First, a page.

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  • Fr. John Jennings


Spirit is something we value. We all know persons with lots of spirit. They appear to be full of life, vibrant, confident, happy, outgoing, energetic, ready, and willing to take on anything. We speak of team spirit something that binds together and places a team or a group on a common path to achieve, to accomplish its aims and goals. We sometimes experience family spirit in those moments and occasions when we are together, when we recognize the ways in which we are related and share common family experiences. This is also the case with community spirit – whether in a parish, a neighbourhood, or a city. But can we capture what we mean by spirit, in words? This is more difficult. The best we can do is to describe what the experience of spirit involves, how it affects us.

We have the same challenge when we look to the Holy Spirit, the Spirit of God. Generations of writers, thinkers, philosophers, and theologians have attempted to define or express what this Spirit is. Nothing adequately serves us in this. So we are left with the images we hear of from scripture or from artists: a great wind or tongues of fire or a life-giving breath or a dove. These are only somewhat helpful.

As with spirit in our human experiences, so with Spirit in our experience of God. We are best served by how the Spirit affects us. We can see this in all three readings. John’s Gospel (Jn.20:19-23) describes the disciples, cowering in fear after the crucifixion of Jesus, fearful that the same fate was to be theirs. The risen Jesus appears in their midst and confers the Spirit on them. The effect – they are transformed. The terrified disciples are given peace. They are invited to take part in Jesus’s mission, bringing peace and creating an open, inclusive, and reconciled world.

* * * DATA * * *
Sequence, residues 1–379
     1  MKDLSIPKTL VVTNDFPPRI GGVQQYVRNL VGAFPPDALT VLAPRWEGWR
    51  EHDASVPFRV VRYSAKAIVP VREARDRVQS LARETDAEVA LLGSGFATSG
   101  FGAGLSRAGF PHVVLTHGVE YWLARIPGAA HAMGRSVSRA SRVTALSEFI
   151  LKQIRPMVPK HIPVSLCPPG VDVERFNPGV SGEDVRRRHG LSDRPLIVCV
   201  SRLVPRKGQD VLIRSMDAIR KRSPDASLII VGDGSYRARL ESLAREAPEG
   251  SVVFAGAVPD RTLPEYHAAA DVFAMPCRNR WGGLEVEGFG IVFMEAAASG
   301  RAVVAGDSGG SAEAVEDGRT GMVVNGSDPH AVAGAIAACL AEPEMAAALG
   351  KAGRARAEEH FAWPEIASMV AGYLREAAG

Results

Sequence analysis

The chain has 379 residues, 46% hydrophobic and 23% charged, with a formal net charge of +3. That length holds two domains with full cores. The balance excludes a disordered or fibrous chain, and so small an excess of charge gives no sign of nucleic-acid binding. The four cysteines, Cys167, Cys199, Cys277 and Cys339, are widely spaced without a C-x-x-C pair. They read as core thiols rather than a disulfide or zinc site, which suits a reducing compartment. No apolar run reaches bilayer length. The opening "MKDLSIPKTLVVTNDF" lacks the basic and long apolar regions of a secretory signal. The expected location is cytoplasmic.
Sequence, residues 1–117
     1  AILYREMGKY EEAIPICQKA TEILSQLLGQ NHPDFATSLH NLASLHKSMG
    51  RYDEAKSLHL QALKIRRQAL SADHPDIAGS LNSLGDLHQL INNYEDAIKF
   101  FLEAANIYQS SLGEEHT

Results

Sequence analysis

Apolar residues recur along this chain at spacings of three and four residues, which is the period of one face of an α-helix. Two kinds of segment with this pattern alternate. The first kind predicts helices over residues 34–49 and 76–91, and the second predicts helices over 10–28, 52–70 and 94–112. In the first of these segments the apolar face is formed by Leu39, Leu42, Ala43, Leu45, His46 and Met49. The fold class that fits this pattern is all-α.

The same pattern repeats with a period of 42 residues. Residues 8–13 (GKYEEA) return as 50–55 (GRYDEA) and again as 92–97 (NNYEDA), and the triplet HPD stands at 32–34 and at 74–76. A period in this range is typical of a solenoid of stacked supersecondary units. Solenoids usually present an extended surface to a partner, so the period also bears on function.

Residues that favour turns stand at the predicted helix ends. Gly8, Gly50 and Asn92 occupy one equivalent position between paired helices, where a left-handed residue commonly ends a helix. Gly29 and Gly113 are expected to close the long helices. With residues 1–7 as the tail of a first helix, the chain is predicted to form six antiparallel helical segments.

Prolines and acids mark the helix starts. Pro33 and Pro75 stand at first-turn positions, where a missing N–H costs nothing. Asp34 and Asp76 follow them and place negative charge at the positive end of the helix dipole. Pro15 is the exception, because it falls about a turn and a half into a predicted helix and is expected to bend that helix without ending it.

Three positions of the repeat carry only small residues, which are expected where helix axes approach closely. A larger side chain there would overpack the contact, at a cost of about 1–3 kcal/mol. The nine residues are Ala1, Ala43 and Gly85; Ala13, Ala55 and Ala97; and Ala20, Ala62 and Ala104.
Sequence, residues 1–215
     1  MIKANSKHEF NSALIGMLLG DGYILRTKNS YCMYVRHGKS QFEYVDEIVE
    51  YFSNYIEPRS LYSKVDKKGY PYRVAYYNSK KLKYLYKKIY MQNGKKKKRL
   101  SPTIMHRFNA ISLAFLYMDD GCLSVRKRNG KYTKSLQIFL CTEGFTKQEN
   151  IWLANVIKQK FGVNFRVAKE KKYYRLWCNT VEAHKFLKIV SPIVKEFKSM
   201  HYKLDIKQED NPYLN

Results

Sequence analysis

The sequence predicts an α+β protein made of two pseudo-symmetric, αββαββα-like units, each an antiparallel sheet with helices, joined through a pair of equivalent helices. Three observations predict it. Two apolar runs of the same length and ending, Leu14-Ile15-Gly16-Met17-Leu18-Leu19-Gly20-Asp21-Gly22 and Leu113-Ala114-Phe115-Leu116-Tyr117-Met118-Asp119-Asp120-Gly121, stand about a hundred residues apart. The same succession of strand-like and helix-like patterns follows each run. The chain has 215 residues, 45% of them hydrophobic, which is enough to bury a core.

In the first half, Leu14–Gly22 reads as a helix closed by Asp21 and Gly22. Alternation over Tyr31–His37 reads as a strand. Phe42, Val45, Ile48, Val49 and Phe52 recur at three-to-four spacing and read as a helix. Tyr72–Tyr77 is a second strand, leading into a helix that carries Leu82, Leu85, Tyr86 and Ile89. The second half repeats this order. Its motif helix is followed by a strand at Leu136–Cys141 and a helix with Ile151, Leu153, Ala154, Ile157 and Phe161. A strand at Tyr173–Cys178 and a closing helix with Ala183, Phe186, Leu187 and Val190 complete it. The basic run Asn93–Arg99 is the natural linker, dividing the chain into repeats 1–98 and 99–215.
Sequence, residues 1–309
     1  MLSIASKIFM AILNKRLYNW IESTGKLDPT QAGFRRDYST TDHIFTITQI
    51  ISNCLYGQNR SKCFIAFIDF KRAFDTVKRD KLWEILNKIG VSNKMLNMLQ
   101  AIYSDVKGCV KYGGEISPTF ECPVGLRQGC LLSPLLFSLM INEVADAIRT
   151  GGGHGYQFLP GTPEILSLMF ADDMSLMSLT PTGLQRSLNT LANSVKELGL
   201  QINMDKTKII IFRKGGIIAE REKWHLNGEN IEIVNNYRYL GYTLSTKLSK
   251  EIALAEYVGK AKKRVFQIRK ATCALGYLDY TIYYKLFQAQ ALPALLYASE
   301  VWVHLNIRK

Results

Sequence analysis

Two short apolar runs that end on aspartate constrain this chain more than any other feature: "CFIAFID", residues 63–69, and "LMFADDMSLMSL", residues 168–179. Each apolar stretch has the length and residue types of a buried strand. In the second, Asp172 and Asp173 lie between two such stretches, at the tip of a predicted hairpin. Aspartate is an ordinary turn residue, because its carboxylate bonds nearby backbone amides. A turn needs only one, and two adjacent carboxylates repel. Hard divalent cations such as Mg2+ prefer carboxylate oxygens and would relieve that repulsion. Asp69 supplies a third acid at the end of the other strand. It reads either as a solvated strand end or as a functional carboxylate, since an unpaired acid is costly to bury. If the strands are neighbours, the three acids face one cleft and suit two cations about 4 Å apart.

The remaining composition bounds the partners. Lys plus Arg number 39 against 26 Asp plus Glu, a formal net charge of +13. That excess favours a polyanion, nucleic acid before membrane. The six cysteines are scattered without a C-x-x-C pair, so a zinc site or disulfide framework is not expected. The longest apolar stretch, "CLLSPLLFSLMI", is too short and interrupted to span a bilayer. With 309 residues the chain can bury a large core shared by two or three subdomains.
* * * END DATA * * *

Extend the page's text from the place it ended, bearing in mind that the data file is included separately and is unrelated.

In the Letter of Paul to the Corinthians (1 Cor.12:3-7,12-13), the little Christian community in Corinth as well as every Christian community down through the ages, is called to recognize not only the variety of gifts, talents, and capacities they have, but also that they are one, united by the Spirit among them. It is an expression of the way in which the Spirit, the presence of God for all humanity unites us, all the peoples of the earth, in all places and all times. In the Spirit – we are one.

The Pentecost event helps us to recognize something remarkable about us, the community of Christians, in all ages. The peace that we have been given is a gift of the Spirit of God and the Spirit unifies us. This is the same life-giving Spirit that hovered over the waters of chaos in the poetic account of creation (Genesis 1:1-3). With God’s loving hand the Spirit was able to bring peace out of the chaos and with that peace came a new creation, with all its wonder and diversity. The Book of Genesis went on to describe the many, diverse aspects of this creation. It is one, united world and at the same time marked by great diversity.

In the piece drawn from the Acts of the Apostles (Acts 2:1-11) that theme of oneness is expressed again. The gift of the Spirit breaks down the barrier of language and indeed all barriers between peoples. It draws us to the recognition that humanity is truly one in God’s eyes, and that God’s Spirit is conferred on all peoples regardless of gender, culture, colour, religion, or place.

May we pray on this day for a renewed experience of Pentecost in each of us, in all

Christian communities and in all the peoples of the earth. PEACE BE UPON US.

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